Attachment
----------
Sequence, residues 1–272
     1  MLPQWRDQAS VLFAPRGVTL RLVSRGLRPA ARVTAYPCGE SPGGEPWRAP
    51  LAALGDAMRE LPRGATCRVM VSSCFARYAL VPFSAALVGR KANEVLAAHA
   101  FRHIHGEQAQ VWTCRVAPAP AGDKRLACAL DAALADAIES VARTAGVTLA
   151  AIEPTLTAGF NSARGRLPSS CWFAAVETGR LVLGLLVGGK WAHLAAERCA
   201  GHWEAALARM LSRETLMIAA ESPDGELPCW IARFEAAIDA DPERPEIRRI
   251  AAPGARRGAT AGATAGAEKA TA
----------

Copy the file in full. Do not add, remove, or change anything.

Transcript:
Sequence, residues 1–272
     1  MLPQWRDQAS VLFAPRGVTL RLVSRGLRPA ARVTAYPCGE SPGGEPWRAP
    51  LAALGDAMRE LPRGATCRVM VSSCFARYAL VPFSAALVGR KANEVLAAHA
   101  FRHIHGEQAQ VWTCRVAPAP AGDKRLACAL DAALADAIES VARTAGVTLA
   151  AIEPTLTAGF NSARGRLPSS CWFAAVETGR LVLGLLVGGK WAHLAAERCA
   201  GHWEAALARM LSRETLMIAA ESPDGELPCW IARFEAAIDA DPERPEIRRI
   251  AAPGARRGAT AGATAGAEKA TA